New York City needs pizza the same way a plant needs sunlight or a subway needs a conductor. In other words, it’s important - and that’s why we spent several months looking for the best pizza in the city. Throughout our research, we consumed several hundred slices and many dozens of pies, and, at one point or another, most of us had thoughts like “That’s enough” and “I’d like to never eat pizza again.” After that, we went through grueling rounds of discussion, deliberation, and voting. And that’s how we ended up here: with a definitive list of the top 20 pizza places in NYC, ranked.
Before you get into this top 20, however, you should know that it only applies to the individual pizzas - it’s not a ranking of the restaurants on the whole (if you want to know how we feel about those, you can refer to their ratings). Now that we’ve provided this disclaimer, go read about (and eat) some incredible pizza.
We could tell you about the way the chefs at Lucali roll out the dough with empty wine bottles in front of a wood-fired oven. We could tell you that this restaurant is BYOB, and that the little room feels like a spiritual place of pizza worship. But we’re not here to talk about those details that make Lucali an excellent place to eat. We’re here to talk about pizza. The thin-but-not-too-thin crust is the exact right balance of soft and crunchy, and the tomato sauce is the platonic ideal of tomato sauce: a little sweet, a little tangy, and good enough to eat with a spoon. Besides that, it’s just cheese and basil. If you want to add more toppings, you can, but you don’t need to. This pizza is absolutely perfect on its own, and it’s the best one we’ve had in New York. And if you don’t think it’s worth waiting several hours for, then we don’t have anything in common.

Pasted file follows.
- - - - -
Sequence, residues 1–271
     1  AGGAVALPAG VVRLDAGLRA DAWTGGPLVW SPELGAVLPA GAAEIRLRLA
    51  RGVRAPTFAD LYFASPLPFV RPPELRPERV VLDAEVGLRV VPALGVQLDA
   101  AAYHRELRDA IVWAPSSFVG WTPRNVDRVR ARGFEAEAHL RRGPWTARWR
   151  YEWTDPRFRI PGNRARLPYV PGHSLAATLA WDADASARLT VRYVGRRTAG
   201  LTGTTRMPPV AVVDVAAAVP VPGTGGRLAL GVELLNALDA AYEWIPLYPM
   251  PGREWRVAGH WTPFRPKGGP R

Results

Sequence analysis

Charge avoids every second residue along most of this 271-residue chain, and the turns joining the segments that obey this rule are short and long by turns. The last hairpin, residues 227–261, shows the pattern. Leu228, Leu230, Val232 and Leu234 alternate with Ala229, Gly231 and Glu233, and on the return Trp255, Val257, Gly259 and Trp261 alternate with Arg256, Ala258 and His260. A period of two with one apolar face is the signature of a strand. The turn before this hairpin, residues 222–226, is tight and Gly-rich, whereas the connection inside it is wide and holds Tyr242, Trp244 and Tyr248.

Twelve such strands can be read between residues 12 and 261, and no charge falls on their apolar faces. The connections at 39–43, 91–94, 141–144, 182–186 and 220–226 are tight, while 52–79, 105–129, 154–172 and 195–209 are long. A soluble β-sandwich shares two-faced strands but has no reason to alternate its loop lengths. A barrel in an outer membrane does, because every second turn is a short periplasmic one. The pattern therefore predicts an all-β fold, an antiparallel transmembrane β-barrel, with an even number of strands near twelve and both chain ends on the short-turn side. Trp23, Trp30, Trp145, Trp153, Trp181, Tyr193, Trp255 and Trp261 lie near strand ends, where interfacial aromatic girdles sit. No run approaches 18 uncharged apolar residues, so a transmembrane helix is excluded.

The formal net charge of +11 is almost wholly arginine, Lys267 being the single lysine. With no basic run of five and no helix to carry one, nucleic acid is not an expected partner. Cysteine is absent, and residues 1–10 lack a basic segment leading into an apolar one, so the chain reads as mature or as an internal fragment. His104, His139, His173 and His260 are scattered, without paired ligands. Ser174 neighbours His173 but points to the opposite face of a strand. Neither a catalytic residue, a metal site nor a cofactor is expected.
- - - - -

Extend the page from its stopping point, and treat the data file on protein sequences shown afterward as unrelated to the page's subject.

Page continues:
“F*ck that - it’s not even in New York.” This reaction is to be expected from a lot of New Yorkers who see a Jersey City Pizza spot ranked this high. But even if Razza weren’t in the New York Metropolitan area (it is), and even if it weren’t closer to downtown Manhattan than most spots on this list (it is), the pizza here is so good that it belongs in the Top 20 for New York and New Jersey and Mars. The crust is super thin and light, but it never sags like some Neapolitan pies, and each bite is salty, sweet, and charred. We’d gladly eat it plain, but the locally-sourced toppings, like housemade cheeses and specially-bred hazelnuts, are also phenomenal. Before your next heated discussion about the best pizza in existence, take the Path train two stops to Razza. It’s a lot easier than trying to hitch a ride on one of Elon’s spaceships.
Di Fara opened in 1964, and the same man has been behind the counter ever since. His name is Dom DeMarco, and, if you come here, you’ll see him making every pie himself. This means that your pizza might take a little longer - but this also means that your pie will be excellent, bordering on perfect. The round one comes covered in several kinds of cheese and olive oil, the crust is slightly crunchy and salty, and the fresh basil will make you wonder why every pizza isn’t covered in fresh basil. And if you want something a little more intense, get the square pie. It has an excessive amount of cheese and sauce, and the crunchy crust tastes like it was soaked in butter. One slice will make you incredibly happy, and a second will make you want to get into a sleeping bag and watch a rom-com.